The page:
"17. To recognize the right of conscientious objection by law, to decriminalize refusal of active military service and to remove any current prohibition from employment in Government or public organizations, in line with the recommendation by the Human Rights Committee (Slovenia);"

Response by the Government

"Alternative service programs for conscientious objectors are currently being studied."

Recommendation:

Report of the Working Group on the Universal Periodic Review: Austria. Addendum: Views on conclusions and/or recommendations, voluntary commitments and replies presented by the State under review

A/HRC/17/8/Add.1

(...)

93.47 Austria does not accept the recommendation.
The option of performing the military service starting at the age of 17 is based solely on the voluntary enlistment of the person concerned and requires the consent of his legal guardian. Neither the direct participation in combat nor the voluntary enlistment for military service in international operations is admissible. Under these provisions, full respect of the entire Convention on the Rights of the Child including its Optional Protocol is guaranteed.

(...)

Report of the Working Group on the Universal Periodic Review: Estonia

A/HRC/17/17

(...)

58. Slovakia (...) noted the (...) lack of clear grounds for accepting or rejecting an application for an alternative to military service. Slovakia made recommendations.

(...)

II. Conclusions and/or recommendations

77. The recommendations formulated during the interactive dialogue and listed below have been examined by and enjoy the support of Estonia.

(...)

77.77. Ensure that the right of conscientious objection to military service is upheld, and clarify the grounds for acceptance or rejection of such claims (Slovakia);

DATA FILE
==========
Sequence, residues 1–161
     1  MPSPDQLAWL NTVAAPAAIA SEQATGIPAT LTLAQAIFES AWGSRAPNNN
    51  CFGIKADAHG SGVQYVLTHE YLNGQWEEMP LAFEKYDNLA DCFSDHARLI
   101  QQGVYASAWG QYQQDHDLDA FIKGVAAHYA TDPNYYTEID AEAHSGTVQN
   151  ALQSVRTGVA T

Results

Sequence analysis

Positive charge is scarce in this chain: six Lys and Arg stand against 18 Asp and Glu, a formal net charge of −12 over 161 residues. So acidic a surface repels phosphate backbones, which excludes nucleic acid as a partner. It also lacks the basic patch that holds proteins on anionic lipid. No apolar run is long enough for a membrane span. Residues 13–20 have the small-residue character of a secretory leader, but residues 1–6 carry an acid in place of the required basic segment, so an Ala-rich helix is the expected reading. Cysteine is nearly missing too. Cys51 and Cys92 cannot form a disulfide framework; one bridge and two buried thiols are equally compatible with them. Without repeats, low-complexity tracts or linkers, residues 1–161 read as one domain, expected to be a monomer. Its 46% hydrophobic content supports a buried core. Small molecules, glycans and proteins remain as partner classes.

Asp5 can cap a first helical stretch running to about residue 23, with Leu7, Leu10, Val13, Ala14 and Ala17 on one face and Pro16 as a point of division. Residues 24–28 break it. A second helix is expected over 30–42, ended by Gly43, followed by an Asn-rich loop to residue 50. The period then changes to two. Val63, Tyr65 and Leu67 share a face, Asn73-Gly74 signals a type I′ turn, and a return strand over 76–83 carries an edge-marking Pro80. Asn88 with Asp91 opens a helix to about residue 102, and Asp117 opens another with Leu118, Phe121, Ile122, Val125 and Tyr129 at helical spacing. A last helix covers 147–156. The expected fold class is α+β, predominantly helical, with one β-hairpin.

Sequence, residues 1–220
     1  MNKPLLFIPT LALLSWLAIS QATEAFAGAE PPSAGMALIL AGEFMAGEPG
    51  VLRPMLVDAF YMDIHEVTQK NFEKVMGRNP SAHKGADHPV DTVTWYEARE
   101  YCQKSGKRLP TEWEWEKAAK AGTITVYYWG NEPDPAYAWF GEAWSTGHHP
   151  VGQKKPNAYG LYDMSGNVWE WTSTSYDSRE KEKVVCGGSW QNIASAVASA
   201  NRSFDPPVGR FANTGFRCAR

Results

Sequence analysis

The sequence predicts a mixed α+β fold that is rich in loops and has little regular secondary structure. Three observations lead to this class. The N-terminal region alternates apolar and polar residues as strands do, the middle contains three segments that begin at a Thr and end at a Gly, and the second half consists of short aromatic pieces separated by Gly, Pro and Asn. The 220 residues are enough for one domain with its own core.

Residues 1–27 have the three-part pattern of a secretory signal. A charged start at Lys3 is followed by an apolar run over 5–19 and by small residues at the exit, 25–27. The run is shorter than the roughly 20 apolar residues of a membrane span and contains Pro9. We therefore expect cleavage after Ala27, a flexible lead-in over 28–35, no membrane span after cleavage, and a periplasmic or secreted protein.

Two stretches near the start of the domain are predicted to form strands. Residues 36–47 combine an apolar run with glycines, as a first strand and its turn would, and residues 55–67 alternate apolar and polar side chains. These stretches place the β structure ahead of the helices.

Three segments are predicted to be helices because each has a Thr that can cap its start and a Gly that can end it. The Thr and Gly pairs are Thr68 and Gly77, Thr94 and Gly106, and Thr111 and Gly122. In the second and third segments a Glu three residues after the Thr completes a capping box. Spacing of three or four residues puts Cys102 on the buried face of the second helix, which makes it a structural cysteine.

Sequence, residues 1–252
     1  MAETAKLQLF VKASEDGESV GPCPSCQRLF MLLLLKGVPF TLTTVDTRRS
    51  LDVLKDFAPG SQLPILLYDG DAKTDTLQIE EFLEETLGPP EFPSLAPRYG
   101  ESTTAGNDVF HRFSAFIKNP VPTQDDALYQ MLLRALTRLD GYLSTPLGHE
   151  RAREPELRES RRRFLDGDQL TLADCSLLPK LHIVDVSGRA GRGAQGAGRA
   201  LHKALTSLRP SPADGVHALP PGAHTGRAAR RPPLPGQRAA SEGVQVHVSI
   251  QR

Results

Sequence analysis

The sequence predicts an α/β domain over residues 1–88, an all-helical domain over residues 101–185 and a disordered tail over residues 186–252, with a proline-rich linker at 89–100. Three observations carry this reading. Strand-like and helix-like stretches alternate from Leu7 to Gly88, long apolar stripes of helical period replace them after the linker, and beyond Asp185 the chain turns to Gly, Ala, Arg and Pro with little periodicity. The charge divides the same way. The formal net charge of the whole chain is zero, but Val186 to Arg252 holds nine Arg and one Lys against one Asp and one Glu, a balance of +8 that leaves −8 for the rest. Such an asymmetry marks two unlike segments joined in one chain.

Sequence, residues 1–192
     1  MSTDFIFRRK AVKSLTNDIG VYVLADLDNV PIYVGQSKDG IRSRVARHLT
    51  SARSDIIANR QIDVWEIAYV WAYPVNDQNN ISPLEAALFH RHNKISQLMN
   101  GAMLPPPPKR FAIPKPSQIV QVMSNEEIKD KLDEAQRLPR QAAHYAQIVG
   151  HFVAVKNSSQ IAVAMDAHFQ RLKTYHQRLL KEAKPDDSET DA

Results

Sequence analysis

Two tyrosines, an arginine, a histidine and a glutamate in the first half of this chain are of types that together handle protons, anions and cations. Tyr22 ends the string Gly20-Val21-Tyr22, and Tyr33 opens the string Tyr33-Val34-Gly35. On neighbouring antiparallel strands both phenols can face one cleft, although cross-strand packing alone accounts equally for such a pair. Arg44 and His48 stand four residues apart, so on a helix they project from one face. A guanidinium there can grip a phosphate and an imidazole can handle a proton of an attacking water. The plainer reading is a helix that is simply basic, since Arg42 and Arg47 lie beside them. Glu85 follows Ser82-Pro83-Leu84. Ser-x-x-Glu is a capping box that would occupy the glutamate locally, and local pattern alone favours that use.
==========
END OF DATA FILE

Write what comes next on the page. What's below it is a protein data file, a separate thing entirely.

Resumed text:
(...)

Report of the Working Group on the Universal Periodic Review: Paraguay

A/HRC/17/18

(...)

44. Ghana asked about measures taken to respond to requests made by the ILO Committee of Experts on the Application of Conventions and Recommendations and the Human Rights Committee to enforce the legislation prohibiting the recruitment of children by the military. It referred to the gap that existed between men and women’s income at almost all levels, despite legal provisions on equal remuneration. Ghana made recommendations.

(...)

II. Conclusions and/or recommendations

(...)

Report of the Working Group on the Universal Periodic Review: Austria

A/HRC/17/8

(...)

“93.The following recommendations will be examined by Austria which will provide responses in due time, but no later than the seventeenth session of the Human Rights Council in June 2011:

(...)

93.47. Raise the age for all enrolments into armed forces to the age of at least 18 years in line with the CRC recommendation (Ghana, Slovakia);”

(...)

Source: http://daccess-dds-ny.un.org/doc/UNDOC/GEN/G11/119/21/PDF/G1111921.pdf?O...

Report of the Working Group on the Universal Periodic Review: Georgia

A/HRC/17/11

(...)

37. Slovenia took note of the concluding observations of the Human Rights Committee on the issue of conscientious objectors, in particular, the differences between the length of non-military alternative service and military service and asked what steps had been taken to address that difference. Slovenia made recommendations.

(...)

II. Conclusions and/or recommendations

105. The recommendations formulated during the interactive dialogue and listed below have been examined by Georgia enjoy the support of Georgia:

(...)